As a therapist, it’s my job to trace my patients’ symptoms back to their true cause so that I can coach them to health.
Over the more than 32 years of my practice, I’ve seen time and time again that those deep causes often come down to a client living contrary to their values… setting aside their life’s dreams… and avoiding the pull of their archetypes.
In fact, I’ve seen countless clients with back pain, digestive and eliminative issues, skin problems, headaches, anxiety, depression and a myriad of other symptoms resulting from them avoiding the pull of their archetype.
- What is an archetype?
- What is your archetype?
- How can avoiding your archetype’s pull cause harm?
Knowing the answers to those three questions can be hugely valuable to your health and help your clients reach their health goals as well.
In this article, I’m going to answer each of these three questions, but let’s take #1 and #3 first.
What is an archetype?
In a nutshell, your archetype encapsulates the way you desire to express yourself. It is the greatest source of motivation to express yourself creatively, and it is the pathway to the true realization of your authentic self.
But there’s another dimension to an archetype beyond this one. An archetype is a kind of pattern or original idea from which an unlimited number of variations can emerge.
Think of it like this: Within one family, you may have one person whose dream is to be a carpenter, another whose dream is to be a plumber, another whose dream is to be an electrician, and a father who is a stonemason. Although each of these dreams seems to be unique, they are all expressions of “The Builder” archetype.
So there is a common drive beneath the dreams of the carpenter, plumber, and electrician that manifests in different ways.
That drive, or calling, is an archetype.
Archetypes trigger a distinct emotional charge that engages us on many levels; you are likely to find yourself constantly thinking about what you’d love to do. When an archetypal attraction is in play, if you even hear people talking about what you are drawn to, you can’t help but listen. If you stand in front of a magazine rack, you are very likely to be drawn to read magazines and look at photos of others doing what you are being called to do.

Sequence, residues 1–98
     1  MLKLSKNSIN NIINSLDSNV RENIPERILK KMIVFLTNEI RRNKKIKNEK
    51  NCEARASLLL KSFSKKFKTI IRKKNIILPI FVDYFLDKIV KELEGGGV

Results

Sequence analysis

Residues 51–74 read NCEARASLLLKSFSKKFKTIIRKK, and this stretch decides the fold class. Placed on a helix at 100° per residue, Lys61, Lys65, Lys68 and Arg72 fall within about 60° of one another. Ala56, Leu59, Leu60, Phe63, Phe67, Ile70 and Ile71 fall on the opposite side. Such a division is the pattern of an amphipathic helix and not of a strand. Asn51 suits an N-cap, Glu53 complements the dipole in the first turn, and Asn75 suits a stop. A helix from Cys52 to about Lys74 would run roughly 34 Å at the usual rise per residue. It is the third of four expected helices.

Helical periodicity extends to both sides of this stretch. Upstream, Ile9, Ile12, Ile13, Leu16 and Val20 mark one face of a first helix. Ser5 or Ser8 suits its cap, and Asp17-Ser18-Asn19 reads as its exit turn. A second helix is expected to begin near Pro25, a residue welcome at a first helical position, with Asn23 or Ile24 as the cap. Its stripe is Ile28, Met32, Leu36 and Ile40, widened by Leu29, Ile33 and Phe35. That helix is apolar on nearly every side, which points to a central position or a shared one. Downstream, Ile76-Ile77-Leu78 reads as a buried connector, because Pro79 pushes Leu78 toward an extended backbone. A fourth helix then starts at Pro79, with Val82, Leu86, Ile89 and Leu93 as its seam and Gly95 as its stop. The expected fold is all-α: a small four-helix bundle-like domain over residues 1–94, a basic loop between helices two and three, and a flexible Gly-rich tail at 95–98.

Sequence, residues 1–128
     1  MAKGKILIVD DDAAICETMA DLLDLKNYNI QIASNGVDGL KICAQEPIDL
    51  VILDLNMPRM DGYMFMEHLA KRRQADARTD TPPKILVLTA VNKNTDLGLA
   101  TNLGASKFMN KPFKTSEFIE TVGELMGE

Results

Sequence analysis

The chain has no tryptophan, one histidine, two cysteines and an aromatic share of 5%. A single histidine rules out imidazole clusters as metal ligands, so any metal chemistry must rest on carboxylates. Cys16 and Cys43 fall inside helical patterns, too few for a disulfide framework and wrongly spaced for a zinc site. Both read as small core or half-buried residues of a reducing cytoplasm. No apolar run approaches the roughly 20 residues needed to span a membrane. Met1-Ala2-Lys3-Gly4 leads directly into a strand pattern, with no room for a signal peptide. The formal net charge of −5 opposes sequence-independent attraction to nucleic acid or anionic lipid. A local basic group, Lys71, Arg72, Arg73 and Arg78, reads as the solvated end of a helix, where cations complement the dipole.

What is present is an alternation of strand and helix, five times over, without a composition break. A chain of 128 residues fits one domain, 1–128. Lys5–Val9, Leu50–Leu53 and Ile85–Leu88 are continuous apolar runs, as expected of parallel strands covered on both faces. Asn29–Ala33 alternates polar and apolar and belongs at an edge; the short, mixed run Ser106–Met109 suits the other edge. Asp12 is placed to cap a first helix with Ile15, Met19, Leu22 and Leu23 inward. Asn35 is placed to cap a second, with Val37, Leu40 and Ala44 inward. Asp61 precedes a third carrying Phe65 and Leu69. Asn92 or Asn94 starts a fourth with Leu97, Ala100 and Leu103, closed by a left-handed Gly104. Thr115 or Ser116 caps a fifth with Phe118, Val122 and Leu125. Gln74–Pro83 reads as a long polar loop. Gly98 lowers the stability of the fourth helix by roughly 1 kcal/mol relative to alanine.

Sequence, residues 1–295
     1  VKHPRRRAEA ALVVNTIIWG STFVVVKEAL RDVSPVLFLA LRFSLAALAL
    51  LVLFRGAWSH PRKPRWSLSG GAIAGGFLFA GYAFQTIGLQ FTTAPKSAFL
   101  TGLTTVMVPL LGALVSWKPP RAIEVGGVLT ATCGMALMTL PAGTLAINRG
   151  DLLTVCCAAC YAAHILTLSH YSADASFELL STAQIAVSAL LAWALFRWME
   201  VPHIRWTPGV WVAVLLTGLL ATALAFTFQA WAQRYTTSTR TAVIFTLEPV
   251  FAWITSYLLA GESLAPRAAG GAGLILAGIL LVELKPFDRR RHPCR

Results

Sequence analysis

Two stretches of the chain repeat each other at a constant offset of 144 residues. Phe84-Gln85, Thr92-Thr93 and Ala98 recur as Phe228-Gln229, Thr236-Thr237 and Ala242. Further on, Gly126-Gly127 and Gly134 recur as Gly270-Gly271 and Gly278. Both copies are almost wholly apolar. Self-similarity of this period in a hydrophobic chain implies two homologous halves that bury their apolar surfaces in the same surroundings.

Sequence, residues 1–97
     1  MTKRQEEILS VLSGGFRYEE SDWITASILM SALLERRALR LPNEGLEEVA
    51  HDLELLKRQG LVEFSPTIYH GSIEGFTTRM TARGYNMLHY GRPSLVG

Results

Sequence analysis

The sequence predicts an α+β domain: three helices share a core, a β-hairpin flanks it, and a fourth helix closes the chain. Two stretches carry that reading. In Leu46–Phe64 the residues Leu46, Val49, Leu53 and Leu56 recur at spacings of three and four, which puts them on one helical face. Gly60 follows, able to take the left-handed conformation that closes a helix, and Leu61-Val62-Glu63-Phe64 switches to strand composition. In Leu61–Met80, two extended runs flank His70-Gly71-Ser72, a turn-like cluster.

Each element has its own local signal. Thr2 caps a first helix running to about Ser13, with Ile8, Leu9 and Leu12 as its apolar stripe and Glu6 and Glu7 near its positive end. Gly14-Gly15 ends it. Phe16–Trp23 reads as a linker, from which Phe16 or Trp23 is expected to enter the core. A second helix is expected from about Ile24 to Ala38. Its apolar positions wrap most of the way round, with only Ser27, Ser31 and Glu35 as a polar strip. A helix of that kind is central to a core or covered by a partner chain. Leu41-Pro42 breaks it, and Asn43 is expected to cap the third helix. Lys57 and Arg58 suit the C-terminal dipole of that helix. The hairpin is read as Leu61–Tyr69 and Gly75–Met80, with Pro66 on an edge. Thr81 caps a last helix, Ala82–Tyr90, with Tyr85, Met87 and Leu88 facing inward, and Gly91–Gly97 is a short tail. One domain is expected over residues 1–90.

How can avoiding your archetype’s pull cause you harm?
When you are acting from and in harmony with your dominant archetype, you are engaging in a labor of love. We all know from life experience that a labor of love is sustainable, even in the face of challenges.
But labor without love produces inner challenges and symptoms.
The pull of an archetype can be so strong that the longer you put off engaging the archetype, the more physical, emotional and mental discomfort you begin to feel. You can even begin to feel like you’re dying inside.
It’s the pull of an archetype that explains why two people – perhaps with the same skills and abilities – could have the polar opposite reactions to a job or a task. One might find being an electrician a joy while the other sees it as incredibly stressful.
The person who finds it stressful and unfulfilling is being called to a different labor of love.
Now steep that person in stress for years at a time and you know what happens – back pain, poor digestion, depression and all of the symptoms we described above.
And none of that is going to go away in the long term unless that person understands what their archetype is and begins to align their life with it.
What is your archetype?
There are several simple ways to identify what archetype is calling you at any given time in your life. And, yes, our archetypes do change from time to time.
When we are ready to transition from one working archetype to another, typically, we start feeling a sense of the mundane with the old archetypal activity. The love and inspiration that was once there seems to have gone flat. This usually indicates that we have satiated that archetype.
By answering the following questions, you are much more likely to realize what archetype is calling you now:
1) What do you spend your money on?
Aside from the essentials of survival, such as the expenses of food, shelter and transportation, what do you spend money on because you feel good when you do? I encourage people to look at all of their receipts. There, you may find that you are spending a lot of money on magazine subscriptions, books, videos, courses or other things related to the archetype that is activated in you.
2) What are your primary activities and interests?
When an archetype is activated within your psyche, there will be activities and interests that you do habitually, but don’t necessarily leave you feeling fulfilled. When searching for your archetype, look for the activities that give you that sense of “Ah, that was fun!” or “I can’t wait to do that again.”
3) What do you spend your time doing or wishing you were doing?
This question is best answered by asking yourself, “If I were to be sentenced to prison for 30 years and forced to work every day, what activity would allow me to forget I was in jail because I’d feel so fulfilled?”
4) What images, interests and experiences trigger an emotional charge?
Whenever an archetype is activated, any engagement with the subject or activity triggers strong emotional movement in us. We feel drawn to it. What is it that you do, or dream of doing that gives you a deep sense of fulfillment?
5) What is calling